Some of the children's new combinations of properties turn out to be more favorable for survival on site than others and thus increase Darwinian fitness. Since Mendel, the puzzle of understanding heredity and species formation has been more and more completed. Molecular biological studies finally revealed that offspring not only have the characteristics of their parents in a new combination, but that they can even have completely new characteristics. This is based on mechanisms that take place at the level of chromosomes and genes (Ask the Grape, Part 1).


What does coevolution mean?

After the game is before the game

Coevolution is understood as the mutual influence of the development of two species. In addition to environmental factors such as light, temperature or nutrients that determine the conservation or occurrence of a species, the relationships and communication between the existing organisms also play a decisive role in the biodiversity of a site.

An example of these adaptations and counter-adaptations can be found in wild tobacco (Nicotiana attenuata): Usually this poisoned his enemies with nicotine. However, some caterpillars have now succeeded in developing a defense mechanism against the poison. It is also said that they have developed a tolerance to nicotine. As a result, wild tobacco produced a new strategy to repel such caterpillars. It uses specially formed fragrances to summon the natural enemies of these caterpillars, for example parasitic wasps, and even produces substances in its leaves that "hit the pests' stomach" by disrupting their digestion.

Coevolution ensures that the balance of power between organisms keeps changing.


How do ecosystems behave?

Good times Bad Times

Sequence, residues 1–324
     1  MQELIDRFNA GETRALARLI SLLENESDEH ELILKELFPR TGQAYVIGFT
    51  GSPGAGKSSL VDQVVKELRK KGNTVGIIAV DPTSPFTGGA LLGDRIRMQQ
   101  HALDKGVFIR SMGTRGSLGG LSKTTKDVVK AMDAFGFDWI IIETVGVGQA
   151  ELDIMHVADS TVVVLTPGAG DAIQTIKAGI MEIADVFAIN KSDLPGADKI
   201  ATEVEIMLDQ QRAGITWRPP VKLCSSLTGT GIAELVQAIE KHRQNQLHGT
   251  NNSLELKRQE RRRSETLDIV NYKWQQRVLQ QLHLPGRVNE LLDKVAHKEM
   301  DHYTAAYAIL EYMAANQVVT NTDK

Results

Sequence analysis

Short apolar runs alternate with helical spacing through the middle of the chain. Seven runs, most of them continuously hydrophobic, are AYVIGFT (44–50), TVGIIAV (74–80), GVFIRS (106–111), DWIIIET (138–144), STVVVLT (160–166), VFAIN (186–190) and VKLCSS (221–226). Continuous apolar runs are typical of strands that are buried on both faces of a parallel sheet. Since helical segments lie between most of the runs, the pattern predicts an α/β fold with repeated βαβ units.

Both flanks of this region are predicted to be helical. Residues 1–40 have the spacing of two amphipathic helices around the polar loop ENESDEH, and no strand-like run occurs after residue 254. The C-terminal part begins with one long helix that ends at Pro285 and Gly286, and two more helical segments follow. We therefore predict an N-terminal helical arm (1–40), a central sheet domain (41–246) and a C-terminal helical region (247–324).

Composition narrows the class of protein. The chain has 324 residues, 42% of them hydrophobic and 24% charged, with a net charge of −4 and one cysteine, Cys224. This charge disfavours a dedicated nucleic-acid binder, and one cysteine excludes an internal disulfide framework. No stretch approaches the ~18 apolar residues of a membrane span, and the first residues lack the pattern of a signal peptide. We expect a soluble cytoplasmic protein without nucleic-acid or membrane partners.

Ecosystems appear stable, but are not viewed in geological time frames. Following the mechanisms of evolution and coevolution, the species composition changes constantly - from microorganisms (fungi, bacteria) in the soil to mammals or trees. All living beings in a biotope are just as dependent on its abiotic nature (light, temperature, minerals) as on their "contemporaries" with whom they are in one location. The so-called "ecological balance" is dynamic and not static. Changing just one factor - be it biotic or abiotic - can lead to changes in the entire ecosystem.

There are natural factors that change existing ecosystems very abruptly and in the short term. Forest or steppe fires caused by lightning strikes, for example, allow the entire development of the site to run again, whereby some organisms have adapted so well to the recurring fires that they use them to their advantage. The immigration of new species can completely transform an ecosystem. The "old established" species can be displaced, for example, if the new species is an enemy for the existing species or if the immigrant species is very competitive.

People are - among many others - a factor that influences the development of a location.


Ecological = natural = good?

The change in the concept of ecology

Rapid developments in production technology and changes in the industrial and agricultural sector led, on the one hand, to an increase in prosperity in Germany and all of Europe after the Second World War. On the other hand, these processes affected the environment. Air, water and soil pollution were the result. It was necessary to counteract this.